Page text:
Honesty in forensic science, Gary Bowering

By Anna Sandiford 02/08/2011 3


When the science changes in such as way as to lower the validity of the original conclusion, should the forensic scientist be proactive in declaring this to impacted parties (as opposed to leaving it to defence lawyers to discover and act upon as they see fit)?

Well, Gary Bowering, my take on it is that the forensic scientist absolutely has a duty to advise the court when something affects their interpretation so as to alter their overall conclusions. In fact, there is a standard phrase that we put in all our reports that runs something along the lines of “My opinion has been prepared on the basis of information provided to me. If such information should change or additional information becomes available it may be necessary for me to revise my findings and conclusions.”

At the end of the day, lawyers are there to deal with the law; forensic scientists are there to deal with the science and it shouldn’t be left to defence lawyers (or prosecutors, come to that) to dig around to see if, on the off-chance, they can find anything amiss with the other side’s expert’s work.  One of the basic rules of examining witnesses is never to ask a question to which you don’t know the answer.

Many times I hear lawyers say how they hated science at school and how having to deal with forensic scientists makes them go cold at the thought – it has to be the duty of the expert to deal with the science and its meaning.  Of course, the reason that independent forensic scientists like me advocate for review of all science being presented in court is so that we can pick up problems like changes in findings that haven’t been notified to the court – not all scientists are transparent about what they do and there are also accidental errors and omissions – we are human after all.

Following on from that are the various requirements of professional organisations such as The Academy of Experts (their Model Form of Experts Report, for example), the Forensic Science Society of the UK (Vision and Values) and Australia/New Zealand (Code of Ethics) to name but a few.

In England and Wales, Part 33.2 (3) of the Criminal Procedure Rules indicates that the expert’s “…duty includes an obligation to inform all parties and the court if the expert’s opinion changes from that contained in a report served as evidence or given in a statement.” The work of the Forensic Science Regulator on Codes of Practice and Conduct and the European Network of Forensic Science Institutes involves a hefty degree of focus on the expert’s obligation to the court and advising of how scientific findings may have changed during the course of a case.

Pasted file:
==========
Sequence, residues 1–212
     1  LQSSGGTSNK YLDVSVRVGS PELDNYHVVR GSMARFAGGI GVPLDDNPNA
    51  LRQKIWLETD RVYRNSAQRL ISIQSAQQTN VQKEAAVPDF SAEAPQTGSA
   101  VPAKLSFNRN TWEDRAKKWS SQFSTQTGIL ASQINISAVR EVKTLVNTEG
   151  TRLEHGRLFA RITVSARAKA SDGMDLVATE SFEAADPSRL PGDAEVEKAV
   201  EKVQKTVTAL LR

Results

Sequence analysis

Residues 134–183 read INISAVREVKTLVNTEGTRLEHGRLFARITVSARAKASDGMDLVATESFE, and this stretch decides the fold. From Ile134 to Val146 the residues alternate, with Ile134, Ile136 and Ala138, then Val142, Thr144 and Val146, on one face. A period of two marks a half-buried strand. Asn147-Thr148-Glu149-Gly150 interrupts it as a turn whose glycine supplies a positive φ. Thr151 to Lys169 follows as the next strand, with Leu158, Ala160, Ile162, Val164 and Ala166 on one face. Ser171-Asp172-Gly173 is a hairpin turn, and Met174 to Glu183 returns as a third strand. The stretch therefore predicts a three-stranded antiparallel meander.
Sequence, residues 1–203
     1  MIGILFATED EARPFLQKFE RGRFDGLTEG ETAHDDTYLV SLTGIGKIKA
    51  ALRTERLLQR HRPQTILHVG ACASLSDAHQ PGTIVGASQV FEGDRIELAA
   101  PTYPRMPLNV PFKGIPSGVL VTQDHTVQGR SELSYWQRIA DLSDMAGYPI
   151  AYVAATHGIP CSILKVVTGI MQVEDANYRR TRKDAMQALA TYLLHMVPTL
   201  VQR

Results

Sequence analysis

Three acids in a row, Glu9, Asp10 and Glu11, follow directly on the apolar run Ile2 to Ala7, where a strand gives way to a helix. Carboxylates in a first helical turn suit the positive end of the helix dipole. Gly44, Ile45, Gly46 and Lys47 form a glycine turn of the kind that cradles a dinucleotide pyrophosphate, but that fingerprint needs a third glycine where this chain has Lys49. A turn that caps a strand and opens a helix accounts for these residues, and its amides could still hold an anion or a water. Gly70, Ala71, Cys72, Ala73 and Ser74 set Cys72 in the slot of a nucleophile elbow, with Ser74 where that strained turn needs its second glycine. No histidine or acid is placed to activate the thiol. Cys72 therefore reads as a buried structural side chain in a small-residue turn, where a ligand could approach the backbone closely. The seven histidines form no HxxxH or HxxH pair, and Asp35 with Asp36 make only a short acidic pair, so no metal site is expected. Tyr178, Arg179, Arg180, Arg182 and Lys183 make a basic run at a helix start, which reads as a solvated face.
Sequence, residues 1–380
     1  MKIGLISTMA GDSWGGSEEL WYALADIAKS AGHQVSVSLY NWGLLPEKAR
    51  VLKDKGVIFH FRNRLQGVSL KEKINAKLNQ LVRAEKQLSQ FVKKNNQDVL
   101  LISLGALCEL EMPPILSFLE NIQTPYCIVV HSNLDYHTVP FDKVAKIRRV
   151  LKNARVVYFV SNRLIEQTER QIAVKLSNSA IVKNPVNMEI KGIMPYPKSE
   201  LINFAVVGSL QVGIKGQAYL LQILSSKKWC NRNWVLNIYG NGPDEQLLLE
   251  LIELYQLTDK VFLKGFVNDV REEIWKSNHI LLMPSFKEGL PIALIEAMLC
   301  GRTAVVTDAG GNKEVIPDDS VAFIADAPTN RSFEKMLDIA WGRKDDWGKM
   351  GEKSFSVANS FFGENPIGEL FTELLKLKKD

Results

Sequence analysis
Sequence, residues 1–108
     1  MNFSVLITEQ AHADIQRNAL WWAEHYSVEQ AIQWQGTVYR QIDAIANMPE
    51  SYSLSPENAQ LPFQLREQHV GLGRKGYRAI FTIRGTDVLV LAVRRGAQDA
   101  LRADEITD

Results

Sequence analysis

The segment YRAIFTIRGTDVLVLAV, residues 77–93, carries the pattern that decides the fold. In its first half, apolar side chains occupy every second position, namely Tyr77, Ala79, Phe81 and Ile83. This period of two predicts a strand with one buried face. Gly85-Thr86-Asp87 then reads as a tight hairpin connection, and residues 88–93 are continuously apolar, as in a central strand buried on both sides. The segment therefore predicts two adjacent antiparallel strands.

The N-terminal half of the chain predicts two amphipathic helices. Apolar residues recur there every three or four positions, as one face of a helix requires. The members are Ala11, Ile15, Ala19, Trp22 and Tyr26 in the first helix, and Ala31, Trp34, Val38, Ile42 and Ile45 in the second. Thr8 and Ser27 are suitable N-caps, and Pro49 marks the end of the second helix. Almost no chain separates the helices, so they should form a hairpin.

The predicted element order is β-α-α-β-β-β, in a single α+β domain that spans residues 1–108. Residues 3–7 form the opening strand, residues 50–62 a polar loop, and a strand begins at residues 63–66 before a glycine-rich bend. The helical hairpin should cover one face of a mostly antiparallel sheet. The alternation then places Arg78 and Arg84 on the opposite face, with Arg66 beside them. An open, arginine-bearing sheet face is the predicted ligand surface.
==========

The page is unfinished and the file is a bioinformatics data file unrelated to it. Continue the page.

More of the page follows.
Any expert who doesn’t follow these guidelines shouldn’t be in the job.  Keeping evidence from the court is definitely not the way to go.

 


3 Responses to “Honesty in forensic science, Gary Bowering”

  • Dose this mean that a working forensic scientist will gradually accumulate a portfolio of old cases that need to be reviewed periodically to ensure that the conclusions are still valid in light of the current scientific understanding?

    Would you be looking at the details of a case 10 years from now and deciding that the results may be suspect after all?

  • Science advances and things change – you just have to look at the cases that are being resolved through cold case hits with DNA and low template DNA. People are exonerated and also convicted on the basis of new techniques.
    Yes, I believe forensic scientists should always bear in mind that things might change with time so that we need might to review past cases. This is why many police forces have Cold Case teams. Admittedly this is to see if they can solve unsolved cases but it also works for ones where there may have been some dissatisfaction about the outcome of a given case.
    It is, I believe, the responsibility of the forensic scientist to retain an open mind about the evolution of science. Forensic science is no different from other areas of science – things change, science is not static and it is a mistake to think that forensic science is static – at the end of the day, forensic science is just science in the court.
    Forensic scientists have to be some way behind research scientists in application of techniques because methods presented in court must be proven; it is not a testing ground.
    Changes in forensic science won’t apply in all cases; in fact, it is likely to only be a small percentage.
    Who knows what scientific technique might come along and revolutionise the way cases have been and will be investigated?

  • Thanks Anna – an enlightening response. Interesting that lawyers often say they hate science. While doing my BSc many years ago I had spare time (well, I thought I did!) and took Law 101. I rather enjoyed it. I doubt I would have liked much of the later and more-specific courses though.

    Gary